Loss of Power
A blocked DPF will prevent your engine from venting exhaust gases, meaning that your engine cannot cycle properly, reducing the power output and acceleration.
Exhaust in Your Car
If your exhaust is obstructed by a blocked DPF, the fumes may begin to seep into other parts of the vehicle, such as your engine bay and cabin, causing unpleasant odours and toxic gases to build up.
Turbochargers boost engine performance by increasing the pressure in your engine, so any blockages in your exhaust system can cause serious damage to your turbocharger.
Decreased Fuel Efficiency
A blocked DPF or obstructed exhaust will force your engine to work harder to expel exhaust gases, reducing available power and increasing fuel consumption.
If you notice any of these issues, you may have a blocked DPF or a mechanical issue with your engine, so you should take your car to a garage and ask about DPF cleaning UK as soon as possible.
How to Detect a Blocked DPF
Rather than waiting until you have engine issues like the ones discussed above, you should try to resolve a blocked DPF as soon as possible. But how can you detect an issue with a mechanical part that you can’t even see, let alone access without specialist equipment?
Fortunately for us, the Diesel Particulate Filter is such an essential part of modern diesel vehicles that a blocked DPF can be quite obvious. In addition to the mechanical issues explained above, a blocked DPF in need of DPF cleaning UK will cause the following signs to appear:
DPF dashboard warning light
Low engine power
Low engine revs
Black exhaust smoke when accelerating
Diesel fuel smells inside car
Reduced fuel economy
How to Maintain your DPF
One of the best ways to maintain your DPF is to let it maintain itself: All modern DPFs are designed to clean themselves using a process known as ‘regeneration’, which burns away soot and ash in the DPF when the exhaust gets hot enough. There are two types of regeneration – passive and active – which help maintain your DPF, but they require certain conditions before activation:
To trigger passive regeneration, you need to drive at high speeds for long periods, which eventually causes your exhaust to become hot enough that it can burn away the soot build-up in your DPF. However, the regeneration process leaves behind a layer of ash, which can harden and damage the DPF over time unless you manually clean it out with DPF cleaning UK services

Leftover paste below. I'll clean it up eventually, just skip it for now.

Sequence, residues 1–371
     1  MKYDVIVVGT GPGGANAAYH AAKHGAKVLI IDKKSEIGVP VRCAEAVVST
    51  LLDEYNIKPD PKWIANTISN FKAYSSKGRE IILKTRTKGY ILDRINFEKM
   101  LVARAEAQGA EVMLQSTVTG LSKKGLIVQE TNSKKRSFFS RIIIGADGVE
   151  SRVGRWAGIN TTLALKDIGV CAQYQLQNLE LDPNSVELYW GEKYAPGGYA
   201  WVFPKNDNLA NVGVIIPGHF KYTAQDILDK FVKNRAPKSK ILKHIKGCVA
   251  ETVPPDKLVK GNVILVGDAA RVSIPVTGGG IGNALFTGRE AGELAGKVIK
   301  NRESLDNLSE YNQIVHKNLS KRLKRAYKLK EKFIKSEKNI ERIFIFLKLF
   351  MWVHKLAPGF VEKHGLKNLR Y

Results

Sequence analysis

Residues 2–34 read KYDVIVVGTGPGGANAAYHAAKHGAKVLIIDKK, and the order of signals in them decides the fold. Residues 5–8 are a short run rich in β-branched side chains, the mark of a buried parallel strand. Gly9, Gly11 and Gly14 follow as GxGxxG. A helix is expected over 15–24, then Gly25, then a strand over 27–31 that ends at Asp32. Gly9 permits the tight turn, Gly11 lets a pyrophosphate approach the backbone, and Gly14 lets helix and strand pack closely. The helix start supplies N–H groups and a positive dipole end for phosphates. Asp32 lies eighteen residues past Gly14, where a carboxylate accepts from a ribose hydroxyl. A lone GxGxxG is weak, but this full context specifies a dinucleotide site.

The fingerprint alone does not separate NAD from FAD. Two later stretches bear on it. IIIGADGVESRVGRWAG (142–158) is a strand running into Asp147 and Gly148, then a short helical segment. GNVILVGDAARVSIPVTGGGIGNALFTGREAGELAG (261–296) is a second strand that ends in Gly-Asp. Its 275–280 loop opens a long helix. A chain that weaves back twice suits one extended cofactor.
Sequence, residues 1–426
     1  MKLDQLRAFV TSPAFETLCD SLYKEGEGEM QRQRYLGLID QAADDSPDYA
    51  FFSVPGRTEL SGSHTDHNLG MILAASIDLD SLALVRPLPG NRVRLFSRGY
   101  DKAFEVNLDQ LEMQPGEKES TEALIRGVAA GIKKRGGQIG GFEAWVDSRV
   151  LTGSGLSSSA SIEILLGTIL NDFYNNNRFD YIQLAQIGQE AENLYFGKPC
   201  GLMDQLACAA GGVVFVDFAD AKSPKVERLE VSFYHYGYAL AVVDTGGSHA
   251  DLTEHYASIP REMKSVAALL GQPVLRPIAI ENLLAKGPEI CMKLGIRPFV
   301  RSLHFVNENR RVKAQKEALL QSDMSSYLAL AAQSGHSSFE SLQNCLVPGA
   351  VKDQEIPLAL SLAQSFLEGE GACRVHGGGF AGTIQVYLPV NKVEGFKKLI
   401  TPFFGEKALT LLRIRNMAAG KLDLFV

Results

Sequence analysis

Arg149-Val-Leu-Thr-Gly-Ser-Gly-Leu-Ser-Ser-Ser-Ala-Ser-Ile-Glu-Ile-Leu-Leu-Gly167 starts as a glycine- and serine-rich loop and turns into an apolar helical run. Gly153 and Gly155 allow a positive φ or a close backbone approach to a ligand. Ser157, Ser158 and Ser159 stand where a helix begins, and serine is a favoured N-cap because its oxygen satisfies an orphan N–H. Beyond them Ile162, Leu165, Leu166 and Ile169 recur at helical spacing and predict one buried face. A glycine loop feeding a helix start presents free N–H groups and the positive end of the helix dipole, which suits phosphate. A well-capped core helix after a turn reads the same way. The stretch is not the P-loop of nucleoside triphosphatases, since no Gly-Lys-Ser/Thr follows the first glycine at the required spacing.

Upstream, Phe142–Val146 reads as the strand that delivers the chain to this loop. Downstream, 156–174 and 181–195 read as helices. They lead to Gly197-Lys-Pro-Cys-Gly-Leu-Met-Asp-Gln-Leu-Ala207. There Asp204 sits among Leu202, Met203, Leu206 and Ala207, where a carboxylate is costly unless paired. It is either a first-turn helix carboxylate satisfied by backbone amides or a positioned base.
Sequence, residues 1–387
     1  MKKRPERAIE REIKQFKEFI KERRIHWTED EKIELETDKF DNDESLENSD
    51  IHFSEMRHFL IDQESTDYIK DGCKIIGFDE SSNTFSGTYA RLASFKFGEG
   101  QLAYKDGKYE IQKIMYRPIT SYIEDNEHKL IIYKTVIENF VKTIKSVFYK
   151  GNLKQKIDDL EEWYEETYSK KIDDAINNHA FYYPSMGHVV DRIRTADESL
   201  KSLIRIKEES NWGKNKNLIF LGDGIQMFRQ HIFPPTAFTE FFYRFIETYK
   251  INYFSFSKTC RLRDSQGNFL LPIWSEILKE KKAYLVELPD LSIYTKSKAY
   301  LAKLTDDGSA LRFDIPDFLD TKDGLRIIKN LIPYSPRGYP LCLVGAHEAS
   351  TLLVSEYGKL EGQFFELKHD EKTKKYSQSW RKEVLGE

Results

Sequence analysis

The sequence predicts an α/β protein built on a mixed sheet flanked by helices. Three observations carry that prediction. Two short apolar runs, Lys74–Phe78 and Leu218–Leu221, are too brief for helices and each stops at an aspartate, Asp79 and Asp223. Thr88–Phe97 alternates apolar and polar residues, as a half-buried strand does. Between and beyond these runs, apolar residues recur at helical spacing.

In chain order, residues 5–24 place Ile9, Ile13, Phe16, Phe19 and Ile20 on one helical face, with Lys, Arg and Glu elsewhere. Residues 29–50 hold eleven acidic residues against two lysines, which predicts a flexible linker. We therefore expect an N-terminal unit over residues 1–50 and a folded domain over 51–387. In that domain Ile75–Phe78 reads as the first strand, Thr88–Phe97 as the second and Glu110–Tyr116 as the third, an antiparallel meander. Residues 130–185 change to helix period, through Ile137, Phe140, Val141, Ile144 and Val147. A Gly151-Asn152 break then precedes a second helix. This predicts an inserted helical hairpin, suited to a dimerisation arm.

In contrast, active regeneration is caused by your Engine Control Unit sending extra fuel to the exhaust to raise the temperature and burn off excess soot accumulated in the DPF. Your car should automatically turn on active regeneration when needed, which is especially useful for those who don’t drive long and fast enough to benefit from passive regeneration.
How Much Does a DPF Replacement Cost?
Some makes of DPFs can work for hundreds of thousands of miles before needing specialist cleaning services, thanks to regeneration processes, but your DPF will need replacing eventually. The cost will vary depending on the make and model of your vehicle, as well as the engine power, but you can expect to pay around £1000 – £2000 for a replacement DPF on average.
On Average: £1,000 – £2,000
As you may expect, the cost of a new DPF makes up a large proportion of the overall cost, so you may be able to find a cheaper replacement by opting for a second-hand or third-party DPF. However, we strongly recommend paying more for a new DPF, as these parts can last for years with proper care and maintenance, including regeneration and DPF cleaning UK.
A blocked DPF unit will cause engine trouble, leading to serious mechanical failure if left untreated, so it’s vital to maintain your DPF with regular care and maintenance. For many people, DPF maintenance is as simple as driving down the motorway, but you should look for the warning signs of a faulty DPF if you don’t drive long and fast enough to trigger passive regeneration regularly.
Fortunately, diesel vehicles are designed to help maintain DPFs through passive and active regeneration. So, you should get plenty of miles out of your vehicle before worrying about a replacement DPF. Furthermore, you can easily unblock your Diesel Particulate Filter by using one of the many trustworthy DPF cleaning UK companies out there.